Firstly to store quantum information it must pack into a quantum spin. How that spin is encoded by the organisms DNA we don't have to get involved in it will be very complex. DNA will only have the ability to encode a certain number of spins per base pair and it may not even be per base pair it may need sequences that is all biological stuff I don't study perhaps ImagingGeek knows. I think it has something to do with protein foldings or something like that.
Biological information is not stored as quantum states - and again, I'm questioning your knowledge of QM. By its very nature, spin is both unstable (indeed, we manipulate electron spin all the time, in several forms of microscopy & biomedical imaging), and generally you cannot extract the information stored in quantum states (i.e. spin) without altering other aspects of the quantum state.
Biological 'information' (whether that is a meaningful term in biology, and whether information theory can be applied to it, is hotly debated) is stored in a much more stable form than a quantum state - it is stored in chemical form, specifically in the form of triplets of DNA (or in some cases, RNA) nucleotides. The closest you get to 'quantum' interactions in the system is in read-out. Genetic information is 'read' from the DNA strand via non-covalent chemical bonding (hydrogen + ionic) of the mRNA intermediary by pair-bonding with tRNAs. Again, the readout isn't dependent on the quantum state of the electrons forming the bonds (indeed, spin, excitation state, etc, are all irrelevant to the process).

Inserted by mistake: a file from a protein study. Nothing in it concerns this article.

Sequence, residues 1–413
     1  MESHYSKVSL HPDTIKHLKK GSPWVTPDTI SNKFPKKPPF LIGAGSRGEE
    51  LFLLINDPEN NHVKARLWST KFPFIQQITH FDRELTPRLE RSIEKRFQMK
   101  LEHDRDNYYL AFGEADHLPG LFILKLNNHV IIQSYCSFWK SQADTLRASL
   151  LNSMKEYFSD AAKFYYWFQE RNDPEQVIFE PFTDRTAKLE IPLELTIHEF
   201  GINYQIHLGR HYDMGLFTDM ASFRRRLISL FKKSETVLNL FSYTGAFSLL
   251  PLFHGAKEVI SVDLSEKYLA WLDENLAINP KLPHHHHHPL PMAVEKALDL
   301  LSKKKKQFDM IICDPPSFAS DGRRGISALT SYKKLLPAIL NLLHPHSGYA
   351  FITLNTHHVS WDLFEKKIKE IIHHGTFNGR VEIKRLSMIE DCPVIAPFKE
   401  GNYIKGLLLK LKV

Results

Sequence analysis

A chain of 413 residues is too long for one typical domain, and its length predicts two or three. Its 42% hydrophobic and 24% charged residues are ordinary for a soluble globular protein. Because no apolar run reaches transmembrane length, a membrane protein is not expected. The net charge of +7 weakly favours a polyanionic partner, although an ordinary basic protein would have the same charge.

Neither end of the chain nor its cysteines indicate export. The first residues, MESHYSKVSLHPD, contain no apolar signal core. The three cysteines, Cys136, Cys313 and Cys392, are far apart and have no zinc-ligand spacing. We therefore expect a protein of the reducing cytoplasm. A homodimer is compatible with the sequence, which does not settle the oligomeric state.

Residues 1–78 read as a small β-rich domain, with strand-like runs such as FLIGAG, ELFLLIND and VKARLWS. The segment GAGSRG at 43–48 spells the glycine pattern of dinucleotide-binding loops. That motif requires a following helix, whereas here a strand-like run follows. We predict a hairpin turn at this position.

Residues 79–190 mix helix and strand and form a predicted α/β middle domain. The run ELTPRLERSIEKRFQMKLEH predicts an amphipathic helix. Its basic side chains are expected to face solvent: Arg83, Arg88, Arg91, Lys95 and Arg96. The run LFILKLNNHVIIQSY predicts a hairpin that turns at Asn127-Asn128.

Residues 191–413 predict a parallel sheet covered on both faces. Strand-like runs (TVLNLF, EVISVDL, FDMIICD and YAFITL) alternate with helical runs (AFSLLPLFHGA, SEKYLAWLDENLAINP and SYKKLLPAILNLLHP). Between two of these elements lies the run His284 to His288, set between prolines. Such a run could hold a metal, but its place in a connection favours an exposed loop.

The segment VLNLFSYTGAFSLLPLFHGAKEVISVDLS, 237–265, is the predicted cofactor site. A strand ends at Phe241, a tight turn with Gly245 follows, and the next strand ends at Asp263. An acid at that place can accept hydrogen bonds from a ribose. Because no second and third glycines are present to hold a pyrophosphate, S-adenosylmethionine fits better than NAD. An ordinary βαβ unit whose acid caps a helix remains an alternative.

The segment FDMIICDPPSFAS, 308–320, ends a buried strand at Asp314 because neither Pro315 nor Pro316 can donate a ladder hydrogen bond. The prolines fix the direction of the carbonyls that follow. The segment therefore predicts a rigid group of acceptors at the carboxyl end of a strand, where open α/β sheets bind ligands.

Now your argument that the organism can stay the same is the same as saying I can hold a computer byte to a set value. I can do any problems I like so long as I don't require more than 256 different values.
The problem becomes the moment I need to add in a 257th entry I need to expand the information base and on a computer you could jump to a 9th bit but for simplicity they don't they jump to 16 bits.
You're making a fatal flaw here - assuming that different or better adapted always requires more information. This is not the case - indeed, outside of eukaryota, there is a strong selective force against the accumulation of additional DNA.
For animals to evolve ergo they must encode more information or else they violate this central tennant of QM or don't evolve take your pick.
And again, you've made assumptions about evolution & biology that are false, and on those falsehoods your claims fail.
You do not need more biological 'information' to evolve; indeed, loosing unneeded information is observed as often as is the formation of new information. Information is not free - it carries a very real biological expense (notably, the energy and resources needed to replicate, maintain and process your genetic material). Nor do you need new information to increase complexity - few would argue that an amoeba or onion are more complex than humans, and yet they have more information. I'd argue a human is more complex than a mouse, and yet we have roughly the same amount of DNA with mice having slightly more functional genes.
What you've left out of your equation is the very principal of emergence. Emergence allows for the formation of hugely complex structures based on minimal information. Biology relies heavily on this. You DNA doesn't say "to make a person put protein X in position Y). Rather, it says "make proteins X, Y, Z; the interactions between them will the create a person". Very minute changes to "X, Y and Z" - rather than new proteins/information, are what creates the vast majority of the differences between you and a less 'complex' organisms such as a fly.
The standard metaphor for biological information (and a surprisingly accurate one at that) is that of a cake recipe - our DNA does not say "put a chocolate chip at 1.2,3.4,7.8cm [x,y,z coordinate]"; rather, it says "mix flour, eggs, milk, sugar, chocolate chips & yeast". Most evolution - including changes in apparent complexity - arise simply through minor tweaks to the recipe, rather than the addition of new ingredients.